Food Addiction, | 09.22.21
Now imagine going on that same exact ride every day for the next year. The next few times might still be quite exhilarating, but how do you think you’d feel by the end of the year? For sure not the same as the first time you rode. With the predictable ups and downs, twists and turns, you’ll probably be not quite as satisfied. In fact, you may even be looking for a rollercoaster even more extreme or more intense to match that same exhilaration you felt the first few times you rode.
While not many of us have gone on the same rollercoaster ride every day for a year, imagining what it might feel like to do something again and again illustrates that rewards lose potency over time. This is a bit like tolerance, a main hallmark of addiction.
Tolerance is defined as “the capacity of the body to… become less responsive to a substance… especially with repeated use or exposure.”
In addiction, this is observed when you need more and more of a substance to achieve a desired effect, or when you notice less and less effect with continued use of the same amount of the substance.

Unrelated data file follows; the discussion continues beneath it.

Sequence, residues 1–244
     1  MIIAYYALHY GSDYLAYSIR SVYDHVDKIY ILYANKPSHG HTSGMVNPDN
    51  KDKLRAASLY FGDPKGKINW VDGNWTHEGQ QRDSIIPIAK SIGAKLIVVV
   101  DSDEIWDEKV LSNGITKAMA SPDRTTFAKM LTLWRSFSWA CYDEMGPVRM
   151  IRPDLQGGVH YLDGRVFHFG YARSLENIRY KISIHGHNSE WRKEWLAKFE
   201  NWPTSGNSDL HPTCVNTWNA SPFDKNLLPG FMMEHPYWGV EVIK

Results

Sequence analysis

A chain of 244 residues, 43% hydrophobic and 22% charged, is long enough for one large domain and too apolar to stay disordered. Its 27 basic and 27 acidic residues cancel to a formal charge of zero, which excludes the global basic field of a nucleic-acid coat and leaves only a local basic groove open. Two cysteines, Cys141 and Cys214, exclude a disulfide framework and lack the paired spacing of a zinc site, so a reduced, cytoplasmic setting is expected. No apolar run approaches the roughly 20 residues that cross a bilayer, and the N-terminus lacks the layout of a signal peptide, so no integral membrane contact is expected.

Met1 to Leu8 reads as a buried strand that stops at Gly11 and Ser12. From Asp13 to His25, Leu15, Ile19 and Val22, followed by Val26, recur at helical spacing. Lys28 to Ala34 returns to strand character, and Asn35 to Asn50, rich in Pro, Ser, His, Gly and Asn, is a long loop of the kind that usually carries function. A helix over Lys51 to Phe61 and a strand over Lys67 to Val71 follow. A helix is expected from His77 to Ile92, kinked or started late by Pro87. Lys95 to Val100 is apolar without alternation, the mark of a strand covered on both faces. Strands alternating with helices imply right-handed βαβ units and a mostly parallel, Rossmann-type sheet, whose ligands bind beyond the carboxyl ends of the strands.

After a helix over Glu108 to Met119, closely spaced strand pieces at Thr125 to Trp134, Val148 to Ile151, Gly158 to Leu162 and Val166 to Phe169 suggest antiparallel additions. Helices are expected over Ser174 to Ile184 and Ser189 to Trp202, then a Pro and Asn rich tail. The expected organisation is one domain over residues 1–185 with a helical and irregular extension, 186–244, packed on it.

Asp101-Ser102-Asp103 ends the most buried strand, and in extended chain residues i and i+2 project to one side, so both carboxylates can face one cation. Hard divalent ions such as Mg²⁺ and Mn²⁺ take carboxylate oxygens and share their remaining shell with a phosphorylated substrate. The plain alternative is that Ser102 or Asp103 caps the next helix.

Tolerance in Your Relationship with Food
Here’s what tolerance might look like in your relationship with food- you may notice that a normal serving size or two no longer cuts it and that fruit is no longer sweet compared to the intense taste of a chocolate milkshake or ice cream. This is tolerance at work.
Eventually tolerance takes us to a point where we hardly find the substance enjoyable at all- and what we’re left with is the negative consequences- the shame, aches and pains, weight gain, low self-esteem, you name it. We start eating simply to cope with that, and thus the tolerance increases and the cycle continues.
Whew. Tolerance is such a trap, isn’t it? The only way out of the cycle of tolerance and increased consumption is stopping to use the substance, and coping with the short-term withdrawal that comes with it. The good news is that the body is amazingly resilient- our pleasure center and brain rewires with more and more distance from the substance, and before we know it, fruit now tastes sweet and a regular serving size actually seems like a regular serving size. With practice, determination, and vigilance, you can spot tolerance when it’s happening and break the cycle for good.
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